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The Chamber has named as one of its top priorities the passage of “Fast Track,” which would allow the executive branch to negotiate and sign “trade” agreements before Congress gets to vote on them. Today’s agreements cover much more than trade, imposing binding rules on domestic healthcare reforms, climate initiatives, immigration policies, food and product safety standards, financial regulations and other public interest policies. Fast Track would empower the executive branch to write legislation altering this wide swath of U.S. domestic laws to conform to the terms of the pact, limiting Congress’ role to an expedited vote with amendments prohibited and debate restricted.

The Chamber wants Fast Track because it knows that it is only through such an extraordinary binding of Congress’ oversight that it could hope to see enactment of the controversial Trans-Pacific Partnership (TPP). The Chamber has peddled deeply misleading arguments to push the TPP while neglecting to mention that the pact would give corporations the power to “sue” sovereign countries, including the United States, over their health, environmental and other policies.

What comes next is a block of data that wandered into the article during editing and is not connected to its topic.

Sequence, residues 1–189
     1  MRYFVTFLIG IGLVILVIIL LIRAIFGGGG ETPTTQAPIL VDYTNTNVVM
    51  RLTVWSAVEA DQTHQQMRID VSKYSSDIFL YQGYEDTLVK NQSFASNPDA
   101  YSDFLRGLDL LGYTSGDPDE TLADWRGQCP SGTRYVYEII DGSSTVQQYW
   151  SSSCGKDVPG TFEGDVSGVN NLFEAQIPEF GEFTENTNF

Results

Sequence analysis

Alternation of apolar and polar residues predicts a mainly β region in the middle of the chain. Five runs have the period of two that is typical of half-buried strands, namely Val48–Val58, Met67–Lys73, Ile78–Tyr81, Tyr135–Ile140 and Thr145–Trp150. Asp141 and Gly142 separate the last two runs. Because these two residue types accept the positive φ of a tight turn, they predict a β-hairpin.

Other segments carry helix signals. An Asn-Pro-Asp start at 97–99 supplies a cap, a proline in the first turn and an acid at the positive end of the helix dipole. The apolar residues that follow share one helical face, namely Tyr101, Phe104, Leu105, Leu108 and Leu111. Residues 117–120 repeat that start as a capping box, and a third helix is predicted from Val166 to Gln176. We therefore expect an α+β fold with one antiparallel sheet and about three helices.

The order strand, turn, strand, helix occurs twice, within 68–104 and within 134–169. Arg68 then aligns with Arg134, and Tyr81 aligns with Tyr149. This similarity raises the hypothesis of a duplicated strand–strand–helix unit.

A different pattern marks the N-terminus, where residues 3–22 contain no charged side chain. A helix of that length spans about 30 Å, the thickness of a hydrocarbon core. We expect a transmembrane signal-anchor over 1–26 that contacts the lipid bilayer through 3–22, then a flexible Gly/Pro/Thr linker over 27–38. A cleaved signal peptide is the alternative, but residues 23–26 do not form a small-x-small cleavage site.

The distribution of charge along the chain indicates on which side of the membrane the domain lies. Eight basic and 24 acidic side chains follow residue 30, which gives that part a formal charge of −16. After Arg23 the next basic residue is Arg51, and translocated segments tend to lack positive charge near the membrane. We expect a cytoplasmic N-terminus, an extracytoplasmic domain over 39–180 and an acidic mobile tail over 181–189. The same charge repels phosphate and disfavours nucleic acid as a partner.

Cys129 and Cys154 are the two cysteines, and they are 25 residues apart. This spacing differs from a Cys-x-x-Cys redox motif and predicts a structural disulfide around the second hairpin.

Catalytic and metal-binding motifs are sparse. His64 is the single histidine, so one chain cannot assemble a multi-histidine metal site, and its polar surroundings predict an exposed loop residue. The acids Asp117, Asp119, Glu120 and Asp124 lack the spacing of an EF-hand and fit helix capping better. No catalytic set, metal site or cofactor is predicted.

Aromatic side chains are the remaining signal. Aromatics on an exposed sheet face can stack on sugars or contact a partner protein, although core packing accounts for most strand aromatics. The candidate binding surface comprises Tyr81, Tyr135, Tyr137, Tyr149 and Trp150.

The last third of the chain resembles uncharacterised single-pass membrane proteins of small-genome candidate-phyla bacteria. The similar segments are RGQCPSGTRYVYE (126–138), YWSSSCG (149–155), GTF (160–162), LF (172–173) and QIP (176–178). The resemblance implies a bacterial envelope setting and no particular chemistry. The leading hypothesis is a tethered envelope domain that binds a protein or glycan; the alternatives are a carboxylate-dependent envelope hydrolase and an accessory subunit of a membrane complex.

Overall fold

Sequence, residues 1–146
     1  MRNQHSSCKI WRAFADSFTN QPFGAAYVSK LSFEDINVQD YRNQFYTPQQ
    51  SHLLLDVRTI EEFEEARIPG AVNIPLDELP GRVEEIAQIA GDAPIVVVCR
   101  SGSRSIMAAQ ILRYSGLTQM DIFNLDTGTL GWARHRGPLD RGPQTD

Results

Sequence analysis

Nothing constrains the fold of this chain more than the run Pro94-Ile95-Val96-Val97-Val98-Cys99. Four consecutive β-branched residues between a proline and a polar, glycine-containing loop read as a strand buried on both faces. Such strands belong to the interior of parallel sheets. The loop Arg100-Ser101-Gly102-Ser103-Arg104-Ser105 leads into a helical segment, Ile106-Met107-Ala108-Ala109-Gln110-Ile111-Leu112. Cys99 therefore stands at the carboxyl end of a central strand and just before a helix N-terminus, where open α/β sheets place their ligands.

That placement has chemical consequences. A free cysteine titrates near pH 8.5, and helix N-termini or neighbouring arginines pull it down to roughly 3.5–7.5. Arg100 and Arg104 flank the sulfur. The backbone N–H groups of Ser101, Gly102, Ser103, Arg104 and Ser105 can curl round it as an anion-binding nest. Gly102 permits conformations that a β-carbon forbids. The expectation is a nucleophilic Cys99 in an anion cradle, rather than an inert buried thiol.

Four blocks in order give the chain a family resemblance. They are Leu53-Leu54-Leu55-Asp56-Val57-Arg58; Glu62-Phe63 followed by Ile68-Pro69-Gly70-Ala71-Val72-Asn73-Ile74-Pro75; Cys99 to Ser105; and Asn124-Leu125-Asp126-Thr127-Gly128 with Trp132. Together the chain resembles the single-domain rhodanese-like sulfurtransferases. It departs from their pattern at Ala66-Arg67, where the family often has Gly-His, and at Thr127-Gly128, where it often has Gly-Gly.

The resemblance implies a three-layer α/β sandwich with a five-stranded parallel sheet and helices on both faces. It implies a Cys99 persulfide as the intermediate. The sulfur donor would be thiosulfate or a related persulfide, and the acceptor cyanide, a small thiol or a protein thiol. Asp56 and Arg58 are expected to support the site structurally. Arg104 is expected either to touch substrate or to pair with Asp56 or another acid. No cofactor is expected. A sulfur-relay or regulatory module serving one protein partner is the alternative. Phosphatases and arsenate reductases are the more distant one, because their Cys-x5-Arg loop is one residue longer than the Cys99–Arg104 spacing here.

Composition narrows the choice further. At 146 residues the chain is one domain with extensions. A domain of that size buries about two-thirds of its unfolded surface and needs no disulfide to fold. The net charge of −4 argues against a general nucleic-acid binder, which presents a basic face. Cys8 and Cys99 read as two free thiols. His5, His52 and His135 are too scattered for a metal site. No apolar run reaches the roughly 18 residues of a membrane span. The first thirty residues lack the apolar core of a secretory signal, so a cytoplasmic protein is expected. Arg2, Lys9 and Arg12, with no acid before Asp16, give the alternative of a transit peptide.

The TPP also includes major handouts to pharmaceutical corporations that would put lives at risk by jacking up medicine costs. Leaked TPP texts show that the pact would enable pharmaceutical companies to: 1) extend their monopoly drug patents beyond 20 years, blocking access to more affordable generic drugs; 2) re-patent medicines without actually inventing anything new; and 3) even patent basic medical procedures. By forcing patients to wait longer for low-cost versions of patented drugs, these protections for Big Pharma would lead to preventable suffering and death around the world. In addition, the TPP’s terms threaten policies used in the United States and abroad to control rising drug prices, reduce government expenditures and make healthcare more affordable for retirees, low-income families and veterans.



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